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Reason to Fight come out swinging with Blue Collar Pride

Here’s the beef
By CHRIS CONTI  |  November 21, 2011

READY TO RUMBLE Monroe, Harrington, Marlardo, and Chihoski.

"Hard Working, Hard Drinking, Hard Core," the closing cut from Reason to Fight's new disc, Blue Collar Pride, ably delivers the veteran punk quartet's mission statement. RTF's founding members, lead vocalist Brian "Fuzzy" Harrington and bassist Greg Chihoski, have juggled more than a few lineups over the past 10 years, but with new members Bryan Monroe (drums) and Gus Marlardo (guitar), the quartet is ready to rumble on Blue Collar Pride, the follow-up to their debut, Blood and Glory. They'll return to their roots (sort of) with a release show at Club Hell, the reformer site of Club Babyhead, complete with hardcore legends Sick of It All (!) rounding out the all-ages Sunday late matinee that will surely conjure up some Babyhead memories.

Reason to Fight wear their DIY/blue-collar work ethic on their tattered sleeves, serving up aural melees and classic sing-along anthems like "Dying Breed," "Young Rebels," and "Hard Times," as well as declaring their love for "Pabst Blue Ribbon," a track introduced via Dennis Hopper in Blue Velvet.

We checked in with RTF's Chihoski for a quick Q&A. The band plans on hitting the region behind the new album, and shoot a video for "One Step Fall." Get to Club Hell or visit Reason to Fight's website ( for advance tix, because this one is a guaranteed sell-out out by Sunday afternoon.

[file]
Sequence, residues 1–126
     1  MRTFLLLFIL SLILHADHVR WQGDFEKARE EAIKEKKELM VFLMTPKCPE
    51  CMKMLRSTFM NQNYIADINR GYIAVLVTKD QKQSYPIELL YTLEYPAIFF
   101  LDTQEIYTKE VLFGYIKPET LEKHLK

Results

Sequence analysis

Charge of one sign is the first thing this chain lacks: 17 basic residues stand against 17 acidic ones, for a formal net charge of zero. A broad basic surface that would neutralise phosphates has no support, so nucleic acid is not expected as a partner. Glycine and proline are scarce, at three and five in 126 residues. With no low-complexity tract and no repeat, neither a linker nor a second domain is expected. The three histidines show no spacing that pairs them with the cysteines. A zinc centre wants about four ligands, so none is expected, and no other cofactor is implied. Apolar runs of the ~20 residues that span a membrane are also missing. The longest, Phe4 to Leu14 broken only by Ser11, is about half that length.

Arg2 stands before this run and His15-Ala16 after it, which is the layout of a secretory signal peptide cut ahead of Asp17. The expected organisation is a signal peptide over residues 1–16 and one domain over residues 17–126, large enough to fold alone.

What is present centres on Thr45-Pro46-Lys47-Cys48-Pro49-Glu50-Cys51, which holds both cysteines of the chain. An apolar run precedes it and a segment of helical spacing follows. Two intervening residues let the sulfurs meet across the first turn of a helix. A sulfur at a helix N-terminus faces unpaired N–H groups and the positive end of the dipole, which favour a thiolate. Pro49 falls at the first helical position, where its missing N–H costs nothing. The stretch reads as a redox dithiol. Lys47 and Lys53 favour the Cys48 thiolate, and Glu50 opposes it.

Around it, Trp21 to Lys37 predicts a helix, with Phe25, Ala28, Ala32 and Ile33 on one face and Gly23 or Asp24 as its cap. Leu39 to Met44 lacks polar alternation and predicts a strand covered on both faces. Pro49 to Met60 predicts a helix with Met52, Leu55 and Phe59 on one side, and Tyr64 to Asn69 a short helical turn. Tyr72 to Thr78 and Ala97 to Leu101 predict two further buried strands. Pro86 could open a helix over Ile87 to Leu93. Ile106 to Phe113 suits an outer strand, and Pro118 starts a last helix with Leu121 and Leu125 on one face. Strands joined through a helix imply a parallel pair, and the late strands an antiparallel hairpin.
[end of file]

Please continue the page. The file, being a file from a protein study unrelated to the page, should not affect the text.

OVER 10 YEARS TOGETHER AS A BAND, WHAT'S THE HARDEST PART ABOUT KEEPING A LINEUP INTACT AND MOTIVATED? The hardest part has been keeping people dedicated. We play hardcore/punk music, and we play this music because we love it. It takes a lot of time, effort, and money to make it work. There is no million dollar contract in our future, so when the time comes to hit the road, people jump ship. We just roll with the punches and try to stay positive.

HAS IT BEEN MORE DIFFICULT TRYING TO BOOK SHOWS LOCALLY, SEEING HOW THOSE OL-SKOOL PUNK DIVES ARE FEW AND FAR BETWEEN NOWADAYS? We grew up at the Living Room and Babyhead, along with the Church House Inn, Under the Hut, RISD's Carr House, Two Pi Skate Park, Fort Thunder, and the Safari Lounge. The first show I ever played was at AS220 when it was above Babyhead, way back in the day. Currently, Club Hell is our favorite place to play — they really support our local scene. We also play Borowski's and the B&B (in West Warwick). Those are DIY shows/venues where anything goes.

THERE ARE PLENTY OF RHODY-BASED AND REGIONAL PUNK BANDS REALLY MAKING SOME NOISE AROUND HERE NOWADAYS. The Providence scene is going pretty strong right now. Bands like the Dooshbags, the Usual Suspects, the McGunks, Unsung, Drunk Robb & the Shots, She Rides, and Weak Teeth all draw good crowds. We've had some packed shows with just locals on the bill, which is always great.

CARE TO ADDRESS THE BEARDOS AND HIPSTERS WHO ARE RESPONSIBLE FOR DRIVING UP THE PRICE OF PABST BLUE RIBBON?! It's crazy. We ran into that problem at a bar in Florida a few years back. We were so used to PBR being the $1 draft everywhere, but when we got our tab at the end of the night it came to $216. They called PBR the "Dirty South Brew" and charged $4 a pint. There is no way anyone should pay more than $2 for a draft or $3 for a tallboy of Pabst Blue Ribbon.

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  Topics: Music Features , Club Hell, Club Hell, Reason To Fight,  More more >
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    "Hard Working, Hard Drinking, Hard Core," the closing cut from Reason to Fight's new disc, Blue Collar Pride , ably delivers the veteran punk quartet's mission statement.

 See all articles by: CHRIS CONTI

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